I-80: Ohio Producing Large Soybean Crop Despite Weather

October 19, 2016 01:33 PM
 
 

The latest crop production report has USDA factoring in record corn and soybean crops, even though states like Ohio had weather extremes this growing season.

Perfect conditions in northwest Ohio help finish an imperfect growing season.

“I don’t think you can beat a day like this,” said Fred Pond of Scott, Ohio. “You have a full sun, a nice breeze. The crop is drying out nice. It’s perfect fall weather for harvest.”

It’s quite different from the weather extremes this season: a planting date that was too wet to a July which was bone dry.

“We only received around one inch of rain the whole month of July,” said Keith Schroeder of Defiance, Ohio. “Plus, it was warm. The corn crop went through some stress.”

It was the wrong time to stress corn. That stress is still showing.

“The corn is going to be below average,” said Pond. “Corn is 110 to 130 bushels per acre in places. It was just too dry too early for corn.”

“I haven’t been in our corn much,” said Schroeder. “It will be average or maybe a little below average.”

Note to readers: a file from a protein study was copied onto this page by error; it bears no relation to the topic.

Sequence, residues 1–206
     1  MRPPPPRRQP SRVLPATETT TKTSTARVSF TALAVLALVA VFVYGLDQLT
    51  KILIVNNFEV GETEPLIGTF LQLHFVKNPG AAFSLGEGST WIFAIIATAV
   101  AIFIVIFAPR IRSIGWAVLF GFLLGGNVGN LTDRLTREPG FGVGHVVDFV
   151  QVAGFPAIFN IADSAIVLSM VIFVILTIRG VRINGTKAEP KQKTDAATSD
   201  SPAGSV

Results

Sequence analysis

Both farmers say August and September brought good moisture, coming just in time to produce a bean crop.

“Our yields are above average,” said Schroeder. “They are not going to be a record bean harvest, but it’s probably one of my top three or four bean crops I’ve ever had.”

“Depending on your location, a lot of soybean {yields} are making in the sixties,” said Pond. “I’ve had some areas in the 40s {for bushel per acre} depending on what got rain.”

During a year when nationally soybean yields are large, this ‘problem area’ isn’t doing too bad.

“If it rains in August, you get good beans,” says Schroeder.

Farmers are wishing these nice harvest days stick around in an area cutting through multiple years of rocky weather.

“It’s nice harvest weather,” said Schroeder. “With bean yields being good, it’s been real nice.”

“We’ve had two rough years on our corn here,” said Pond. “When you couple that with lower market prices, it’s been tough on guys here raising corn in Northwest Ohio. Corn is below average. It’s still better than last year when virtually everyone was living off insurance checks.”

Both farmers say Ohio is still very variable. Schroeder says the area 20 miles west of him caught some nice rains and is having a better crop.

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